As Indian troops remain dug in at Ladakh in a prolonged standoff with China, allies are pitching in with commitments to deliver urgently needed weapons and ammunition for the Indian armed forces.
France has promised to deliver additional Rafale jets next month, an in-service Israeli air defence system is expected soon, precision artillery rounds will be sent by the US, and Russia will make early deliveries of ammunition and weapons worth $1 billion.
The commitments have been made after top-level bilateral talks and a key meeting in the capital at which it was decided that emergency financial powers will be given to the armed forces to prepare for a prolonged standoff in eastern Ladakh.
The first set of cutting-edge Rafale fighter jets – equipped with perhaps the world’s best long-range air-to-air missiles – is expected to reach India by July 27. As per the initial plan, four fighters were to reach the home base at Ambala next month but sources said that France has now made a commitment to send additional Rafales in the first batch. A total of eight aircraft are nearing certification but it is unclear how many additional fighters could be delivered early
India’s newest strategic partner – the US – has already been helping out with vital intelligence and satellite imagery that give military planners clarity on the border situation. Sources said that the US has invited India to share a list of all requirements with a commitment to be of assistance at the earliest.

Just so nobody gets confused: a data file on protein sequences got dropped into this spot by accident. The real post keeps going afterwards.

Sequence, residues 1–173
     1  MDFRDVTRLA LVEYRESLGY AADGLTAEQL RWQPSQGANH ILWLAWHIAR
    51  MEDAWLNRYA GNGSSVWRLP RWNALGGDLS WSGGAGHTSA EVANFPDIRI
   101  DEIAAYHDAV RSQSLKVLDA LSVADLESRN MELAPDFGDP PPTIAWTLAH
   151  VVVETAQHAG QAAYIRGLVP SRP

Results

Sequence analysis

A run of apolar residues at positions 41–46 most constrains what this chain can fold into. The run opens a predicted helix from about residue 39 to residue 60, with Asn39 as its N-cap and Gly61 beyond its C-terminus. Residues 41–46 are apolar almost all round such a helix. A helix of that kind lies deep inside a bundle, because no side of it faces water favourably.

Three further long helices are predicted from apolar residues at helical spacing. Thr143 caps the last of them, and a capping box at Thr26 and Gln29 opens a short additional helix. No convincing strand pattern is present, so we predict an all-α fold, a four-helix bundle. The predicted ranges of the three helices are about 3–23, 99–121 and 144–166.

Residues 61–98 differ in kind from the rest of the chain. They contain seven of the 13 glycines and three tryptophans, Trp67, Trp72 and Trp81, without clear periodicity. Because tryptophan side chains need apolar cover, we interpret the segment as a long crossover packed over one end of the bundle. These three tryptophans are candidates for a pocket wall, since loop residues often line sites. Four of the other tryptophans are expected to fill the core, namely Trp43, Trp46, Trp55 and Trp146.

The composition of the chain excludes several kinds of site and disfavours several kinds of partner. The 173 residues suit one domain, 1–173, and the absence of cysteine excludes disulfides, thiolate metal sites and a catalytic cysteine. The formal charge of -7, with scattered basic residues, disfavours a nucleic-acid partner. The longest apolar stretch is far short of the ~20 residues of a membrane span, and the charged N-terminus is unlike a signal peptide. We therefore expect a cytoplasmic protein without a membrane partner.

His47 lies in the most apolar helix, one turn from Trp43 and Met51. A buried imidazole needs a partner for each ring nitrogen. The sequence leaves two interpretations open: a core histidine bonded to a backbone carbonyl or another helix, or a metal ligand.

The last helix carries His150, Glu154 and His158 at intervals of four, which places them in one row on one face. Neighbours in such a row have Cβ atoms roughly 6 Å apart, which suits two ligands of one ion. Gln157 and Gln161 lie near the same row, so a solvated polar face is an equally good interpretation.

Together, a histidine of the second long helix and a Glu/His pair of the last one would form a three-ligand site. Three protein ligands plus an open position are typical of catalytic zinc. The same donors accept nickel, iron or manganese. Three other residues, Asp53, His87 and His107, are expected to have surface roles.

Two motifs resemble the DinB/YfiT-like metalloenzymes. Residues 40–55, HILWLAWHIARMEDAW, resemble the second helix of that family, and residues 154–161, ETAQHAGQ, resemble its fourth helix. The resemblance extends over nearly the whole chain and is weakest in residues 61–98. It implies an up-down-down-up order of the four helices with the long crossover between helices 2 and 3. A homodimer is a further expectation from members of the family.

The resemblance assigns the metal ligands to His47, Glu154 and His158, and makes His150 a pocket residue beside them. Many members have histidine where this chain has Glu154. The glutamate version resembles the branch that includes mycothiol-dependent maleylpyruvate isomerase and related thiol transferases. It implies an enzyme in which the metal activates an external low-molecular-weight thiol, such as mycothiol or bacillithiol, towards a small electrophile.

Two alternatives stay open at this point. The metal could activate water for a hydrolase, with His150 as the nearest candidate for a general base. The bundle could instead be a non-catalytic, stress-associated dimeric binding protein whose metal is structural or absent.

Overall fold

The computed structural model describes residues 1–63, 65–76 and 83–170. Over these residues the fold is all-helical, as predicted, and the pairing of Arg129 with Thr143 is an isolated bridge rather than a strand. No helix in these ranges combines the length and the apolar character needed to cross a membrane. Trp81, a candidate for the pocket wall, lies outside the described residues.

In particular, additional Excalibur artillery rounds have been ordered on an emergency basis. The precision attack rounds with a range of over 40 km are used in a variety of artillery guns in the Indian inventory, including the M 777s that are designed for mountain warfare. These rounds are known for their accuracy and damage potential and have been tried and tested by the army.
New weapon systems bought from the United States form an integral part of India’s military posture and its preparations to deal with any provocation by the Chinese forces in eastern Ladakh, where both India and China are in a heightened state of readiness and tensions show no signs of easing, people familiar with developments said on Monday.
From the Indian Air Force’s C-17 heavy-lifters, Apache attack helicopters and C-130J special operations aircraft, to the India’s Navy’s P-8I surveillance aircraft and the Indian Army’s M-777 ultra-light howitzers -- these weapons and systems are playing a crucial role in strengthening the Indian military’s deployments, said one of the persons cited above who asked not to be named.
IAF’s C-17 Globemaster III transport aircraft have been used to move soldiers, tanks and infantry combat vehicles to the sector, while C-130J Super Hercules aircraft have undertaken sorties to the advanced landing ground in the strategic Daulat Beg Oldie (DBO) sector to support the military’s forward deployments, said the second person on condition of anonymity.
At 16,614 feet, the DBO airstrip in north-eastern Ladakh is the world’s highest runway and is located 8km from the Line of Actual Control (LAC). The Chinese People’s Liberation Army (PLA) has mobilised troops, weapons and equipment to areas across the Depsang plains near DBO, with its forward presence aimed at disrupting the army’s patrolling patterns there.